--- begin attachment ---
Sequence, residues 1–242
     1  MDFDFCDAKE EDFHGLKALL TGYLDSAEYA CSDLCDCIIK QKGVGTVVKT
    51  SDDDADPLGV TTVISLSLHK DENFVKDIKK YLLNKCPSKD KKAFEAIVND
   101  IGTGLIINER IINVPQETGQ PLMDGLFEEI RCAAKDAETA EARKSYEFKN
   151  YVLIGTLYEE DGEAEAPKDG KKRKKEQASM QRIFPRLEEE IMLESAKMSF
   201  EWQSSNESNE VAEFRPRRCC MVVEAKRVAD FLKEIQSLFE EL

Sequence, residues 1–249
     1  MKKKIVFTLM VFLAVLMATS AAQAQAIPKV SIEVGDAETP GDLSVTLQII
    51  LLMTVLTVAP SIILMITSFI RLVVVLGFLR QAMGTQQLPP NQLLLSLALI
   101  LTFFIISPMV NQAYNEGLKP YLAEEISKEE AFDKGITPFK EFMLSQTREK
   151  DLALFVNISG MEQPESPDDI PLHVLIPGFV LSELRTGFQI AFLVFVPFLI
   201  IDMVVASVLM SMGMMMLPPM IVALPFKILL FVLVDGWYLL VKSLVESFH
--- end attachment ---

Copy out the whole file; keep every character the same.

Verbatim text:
Sequence, residues 1–242
     1  MDFDFCDAKE EDFHGLKALL TGYLDSAEYA CSDLCDCIIK QKGVGTVVKT
    51  SDDDADPLGV TTVISLSLHK DENFVKDIKK YLLNKCPSKD KKAFEAIVND
   101  IGTGLIINER IINVPQETGQ PLMDGLFEEI RCAAKDAETA EARKSYEFKN
   151  YVLIGTLYEE DGEAEAPKDG KKRKKEQASM QRIFPRLEEE IMLESAKMSF
   201  EWQSSNESNE VAEFRPRRCC MVVEAKRVAD FLKEIQSLFE EL

Sequence, residues 1–249
     1  MKKKIVFTLM VFLAVLMATS AAQAQAIPKV SIEVGDAETP GDLSVTLQII
    51  LLMTVLTVAP SIILMITSFI RLVVVLGFLR QAMGTQQLPP NQLLLSLALI
   101  LTFFIISPMV NQAYNEGLKP YLAEEISKEE AFDKGITPFK EFMLSQTREK
   151  DLALFVNISG MEQPESPDDI PLHVLIPGFV LSELRTGFQI AFLVFVPFLI
   201  IDMVVASVLM SMGMMMLPPM IVALPFKILL FVLVDGWYLL VKSLVESFH